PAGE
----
Why Medicine Isn’t Always the Answer

Why Medicine Isn’t Always the Answer - truMedic

Opioid pain relievers are the most commonly prescribed medication in America. They treat discomfort related to a wide array of problems ranging from sports injuries to kidney stones. However, the risks and complications involved in using these medications are becoming more evident. The result is an increase in patients seeking alternative methods of controlling pain.

What Are the Risks?

Medicine can play a vital role in managing pain for patients in the wake of events such as invasive surgeries, but many patients discover that they are not always safe. Here are some of the major risk factors:

1. Addiction: Many people begin their use of opioid pain medications as prescribed. Over time, however, many individuals think their pills become less effective. Some choose to increase doses without permission from their doctor. This path can lead patients to addiction.
2. Interactions: Patients who have prescription opioid pain relievers must adjust their intake of other substances. These individuals must cease consuming alcohol and change their anti-anxiety pills, muscle relaxants, and sedatives to prevent interactions.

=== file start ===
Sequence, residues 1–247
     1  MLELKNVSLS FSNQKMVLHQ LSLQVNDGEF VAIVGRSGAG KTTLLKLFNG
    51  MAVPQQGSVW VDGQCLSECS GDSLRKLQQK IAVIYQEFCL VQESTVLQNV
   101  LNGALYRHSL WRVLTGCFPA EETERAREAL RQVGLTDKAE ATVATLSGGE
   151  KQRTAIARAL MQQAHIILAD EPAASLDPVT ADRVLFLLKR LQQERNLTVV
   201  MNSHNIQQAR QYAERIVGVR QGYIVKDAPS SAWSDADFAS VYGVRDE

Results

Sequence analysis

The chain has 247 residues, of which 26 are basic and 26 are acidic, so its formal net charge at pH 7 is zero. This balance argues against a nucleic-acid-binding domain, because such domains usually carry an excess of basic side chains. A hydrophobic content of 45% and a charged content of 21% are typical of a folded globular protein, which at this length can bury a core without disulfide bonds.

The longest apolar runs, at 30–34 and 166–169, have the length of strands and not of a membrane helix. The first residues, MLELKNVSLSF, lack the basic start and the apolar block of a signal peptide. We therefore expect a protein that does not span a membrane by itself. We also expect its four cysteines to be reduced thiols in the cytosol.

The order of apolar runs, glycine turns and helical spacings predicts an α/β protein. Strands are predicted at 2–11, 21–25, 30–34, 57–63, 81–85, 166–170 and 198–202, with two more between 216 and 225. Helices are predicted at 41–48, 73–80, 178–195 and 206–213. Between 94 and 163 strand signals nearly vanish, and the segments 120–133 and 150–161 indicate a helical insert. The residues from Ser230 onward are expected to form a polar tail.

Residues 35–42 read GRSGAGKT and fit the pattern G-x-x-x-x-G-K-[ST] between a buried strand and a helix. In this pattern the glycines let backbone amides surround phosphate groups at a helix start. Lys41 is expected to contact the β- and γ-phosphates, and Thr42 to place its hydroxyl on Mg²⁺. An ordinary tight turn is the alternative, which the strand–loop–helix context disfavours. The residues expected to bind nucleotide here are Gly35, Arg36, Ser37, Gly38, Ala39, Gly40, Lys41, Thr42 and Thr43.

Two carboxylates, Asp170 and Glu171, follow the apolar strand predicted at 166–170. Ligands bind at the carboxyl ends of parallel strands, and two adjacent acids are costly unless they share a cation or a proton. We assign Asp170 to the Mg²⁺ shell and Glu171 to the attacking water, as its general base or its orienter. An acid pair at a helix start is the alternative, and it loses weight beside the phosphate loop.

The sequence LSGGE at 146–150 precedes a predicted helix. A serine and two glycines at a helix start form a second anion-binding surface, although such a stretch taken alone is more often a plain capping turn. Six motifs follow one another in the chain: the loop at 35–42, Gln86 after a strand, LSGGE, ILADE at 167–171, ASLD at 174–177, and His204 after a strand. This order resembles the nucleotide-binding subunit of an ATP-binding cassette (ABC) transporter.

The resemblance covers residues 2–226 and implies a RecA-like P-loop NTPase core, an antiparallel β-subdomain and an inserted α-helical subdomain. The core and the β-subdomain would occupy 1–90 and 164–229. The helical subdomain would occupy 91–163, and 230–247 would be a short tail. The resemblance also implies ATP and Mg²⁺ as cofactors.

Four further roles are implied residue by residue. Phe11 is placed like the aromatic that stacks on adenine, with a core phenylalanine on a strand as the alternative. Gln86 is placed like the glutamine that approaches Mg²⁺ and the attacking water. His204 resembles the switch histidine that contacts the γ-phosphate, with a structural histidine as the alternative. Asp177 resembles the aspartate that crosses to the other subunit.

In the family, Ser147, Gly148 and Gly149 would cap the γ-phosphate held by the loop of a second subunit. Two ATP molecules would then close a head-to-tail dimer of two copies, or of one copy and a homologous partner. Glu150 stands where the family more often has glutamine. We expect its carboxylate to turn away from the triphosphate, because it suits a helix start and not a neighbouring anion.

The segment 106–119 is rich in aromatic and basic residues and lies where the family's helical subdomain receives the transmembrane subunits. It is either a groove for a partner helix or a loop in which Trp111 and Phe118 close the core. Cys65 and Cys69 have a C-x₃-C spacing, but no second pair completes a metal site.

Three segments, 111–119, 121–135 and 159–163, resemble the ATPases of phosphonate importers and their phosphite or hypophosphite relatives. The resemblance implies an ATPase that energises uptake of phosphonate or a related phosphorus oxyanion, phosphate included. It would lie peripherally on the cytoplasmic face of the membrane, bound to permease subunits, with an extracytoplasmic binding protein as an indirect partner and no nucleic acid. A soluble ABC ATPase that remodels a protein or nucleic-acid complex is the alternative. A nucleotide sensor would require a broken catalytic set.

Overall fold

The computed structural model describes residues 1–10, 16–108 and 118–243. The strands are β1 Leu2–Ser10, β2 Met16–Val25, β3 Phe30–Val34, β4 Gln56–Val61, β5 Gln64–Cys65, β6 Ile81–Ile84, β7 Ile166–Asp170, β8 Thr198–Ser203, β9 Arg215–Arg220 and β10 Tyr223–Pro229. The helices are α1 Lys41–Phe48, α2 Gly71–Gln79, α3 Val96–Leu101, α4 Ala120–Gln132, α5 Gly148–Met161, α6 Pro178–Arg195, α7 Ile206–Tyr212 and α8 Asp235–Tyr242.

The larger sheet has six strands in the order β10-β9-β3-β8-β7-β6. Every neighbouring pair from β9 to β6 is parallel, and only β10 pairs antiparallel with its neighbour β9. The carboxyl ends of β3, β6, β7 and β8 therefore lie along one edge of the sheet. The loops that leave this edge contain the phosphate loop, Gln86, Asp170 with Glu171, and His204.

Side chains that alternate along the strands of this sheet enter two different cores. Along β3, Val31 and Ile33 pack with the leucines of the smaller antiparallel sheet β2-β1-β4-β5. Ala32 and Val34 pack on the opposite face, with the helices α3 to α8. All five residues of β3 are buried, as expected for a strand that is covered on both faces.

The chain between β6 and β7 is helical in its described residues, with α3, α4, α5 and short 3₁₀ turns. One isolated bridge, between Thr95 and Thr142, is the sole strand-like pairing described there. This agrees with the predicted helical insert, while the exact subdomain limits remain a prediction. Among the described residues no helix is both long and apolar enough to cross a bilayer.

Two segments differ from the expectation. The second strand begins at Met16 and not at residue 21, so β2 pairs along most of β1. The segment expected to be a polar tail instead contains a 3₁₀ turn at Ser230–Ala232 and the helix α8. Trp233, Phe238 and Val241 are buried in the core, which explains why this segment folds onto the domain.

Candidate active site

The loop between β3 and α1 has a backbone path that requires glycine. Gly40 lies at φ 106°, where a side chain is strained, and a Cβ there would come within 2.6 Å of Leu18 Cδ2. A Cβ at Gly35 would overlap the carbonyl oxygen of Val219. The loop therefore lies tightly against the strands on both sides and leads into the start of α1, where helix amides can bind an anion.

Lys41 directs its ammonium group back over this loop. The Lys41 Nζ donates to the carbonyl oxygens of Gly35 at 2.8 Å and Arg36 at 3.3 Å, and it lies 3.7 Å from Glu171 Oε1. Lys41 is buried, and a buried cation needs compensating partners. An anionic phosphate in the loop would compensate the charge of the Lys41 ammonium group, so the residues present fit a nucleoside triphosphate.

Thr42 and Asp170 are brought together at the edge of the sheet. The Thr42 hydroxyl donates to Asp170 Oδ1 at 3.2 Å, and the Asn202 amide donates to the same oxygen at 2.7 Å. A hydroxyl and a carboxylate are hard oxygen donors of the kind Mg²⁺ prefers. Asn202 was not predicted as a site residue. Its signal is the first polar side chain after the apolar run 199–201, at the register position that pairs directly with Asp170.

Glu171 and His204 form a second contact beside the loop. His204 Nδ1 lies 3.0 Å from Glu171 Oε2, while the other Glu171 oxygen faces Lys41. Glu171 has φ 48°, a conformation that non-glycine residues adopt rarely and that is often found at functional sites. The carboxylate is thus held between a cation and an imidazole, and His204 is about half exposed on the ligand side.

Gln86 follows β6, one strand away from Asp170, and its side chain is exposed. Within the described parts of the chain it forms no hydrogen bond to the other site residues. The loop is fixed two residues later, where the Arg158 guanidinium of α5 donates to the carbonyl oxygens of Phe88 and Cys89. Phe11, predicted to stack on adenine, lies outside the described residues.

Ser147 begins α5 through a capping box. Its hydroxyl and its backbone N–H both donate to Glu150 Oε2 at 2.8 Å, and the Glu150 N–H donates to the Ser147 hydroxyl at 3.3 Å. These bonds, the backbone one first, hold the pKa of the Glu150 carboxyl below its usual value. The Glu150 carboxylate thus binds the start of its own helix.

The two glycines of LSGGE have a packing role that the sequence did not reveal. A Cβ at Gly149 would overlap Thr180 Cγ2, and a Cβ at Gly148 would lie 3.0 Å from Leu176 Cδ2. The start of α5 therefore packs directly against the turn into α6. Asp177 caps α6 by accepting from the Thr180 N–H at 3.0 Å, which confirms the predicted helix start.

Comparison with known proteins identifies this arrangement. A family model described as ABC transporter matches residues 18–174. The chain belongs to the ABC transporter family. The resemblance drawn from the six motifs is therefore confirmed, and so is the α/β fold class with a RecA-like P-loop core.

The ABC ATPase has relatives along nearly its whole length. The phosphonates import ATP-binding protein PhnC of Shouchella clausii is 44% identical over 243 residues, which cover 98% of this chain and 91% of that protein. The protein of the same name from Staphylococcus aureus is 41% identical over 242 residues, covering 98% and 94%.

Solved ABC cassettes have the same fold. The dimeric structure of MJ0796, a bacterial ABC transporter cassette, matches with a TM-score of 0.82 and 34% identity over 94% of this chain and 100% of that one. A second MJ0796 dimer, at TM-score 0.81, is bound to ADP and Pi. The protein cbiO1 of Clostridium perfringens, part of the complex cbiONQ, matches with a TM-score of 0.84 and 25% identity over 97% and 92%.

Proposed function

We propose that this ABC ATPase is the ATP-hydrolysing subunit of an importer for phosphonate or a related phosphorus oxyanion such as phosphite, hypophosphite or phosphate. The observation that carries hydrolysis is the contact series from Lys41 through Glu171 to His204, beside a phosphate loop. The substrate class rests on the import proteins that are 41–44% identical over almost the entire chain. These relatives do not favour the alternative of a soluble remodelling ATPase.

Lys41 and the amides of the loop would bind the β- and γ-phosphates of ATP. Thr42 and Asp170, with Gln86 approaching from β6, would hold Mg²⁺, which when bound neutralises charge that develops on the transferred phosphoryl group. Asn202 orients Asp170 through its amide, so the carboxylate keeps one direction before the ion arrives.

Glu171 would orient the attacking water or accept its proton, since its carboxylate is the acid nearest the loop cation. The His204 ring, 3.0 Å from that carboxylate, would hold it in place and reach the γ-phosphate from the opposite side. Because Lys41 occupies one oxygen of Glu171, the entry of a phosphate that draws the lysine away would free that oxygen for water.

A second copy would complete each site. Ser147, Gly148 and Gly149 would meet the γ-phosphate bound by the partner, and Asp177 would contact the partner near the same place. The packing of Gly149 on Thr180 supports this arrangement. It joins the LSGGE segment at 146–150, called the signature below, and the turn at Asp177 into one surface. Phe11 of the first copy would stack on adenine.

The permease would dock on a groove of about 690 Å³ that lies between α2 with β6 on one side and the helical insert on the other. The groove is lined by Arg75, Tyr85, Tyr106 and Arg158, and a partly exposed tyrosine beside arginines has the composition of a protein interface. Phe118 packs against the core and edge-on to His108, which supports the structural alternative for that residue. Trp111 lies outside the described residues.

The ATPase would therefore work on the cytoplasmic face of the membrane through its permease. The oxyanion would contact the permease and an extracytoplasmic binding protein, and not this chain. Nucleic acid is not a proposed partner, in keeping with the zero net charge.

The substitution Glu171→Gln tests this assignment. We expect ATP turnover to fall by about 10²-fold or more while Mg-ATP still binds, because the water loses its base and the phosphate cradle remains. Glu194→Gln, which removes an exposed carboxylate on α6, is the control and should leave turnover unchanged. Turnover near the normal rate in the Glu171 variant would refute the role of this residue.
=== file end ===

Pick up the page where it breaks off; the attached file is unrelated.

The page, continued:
3. Ineffectiveness: The majority of people who suffer from chronic pain manage it with prescription opioids. However, they frequently report moderate to severe pain despite the medications.
4. Side effects: Some patients experience breathing problems, confusion, disorientation, constipation, drowsiness, itchiness, and nausea.

For many patients, these risks are not worth the benefits.

What Are the Alternatives?

Nonpharmacological alternatives often provide versatility and safety, while still operating with great efficacy. Recent studies have found that nearly one out of every three people is opting for fewer chemically based health care options. Some people are using melatonin rather than sleeping pills, yoga and chiropractic care are replacing muscle relaxants, and some are using massage or transcutaneous electrical nerve stimulation (TENS) units rather than pain medications.

This trend has attained enough popularity and credibility that hospitals across the country have taken notice. Some have begun to implement acupuncture, massage therapy, and even some herbal supplements into their programs. These options come without risk of addiction or overdose, and are highly customizable to the individual. Patients can get the help they need without the severe side effects associated with opioid use.

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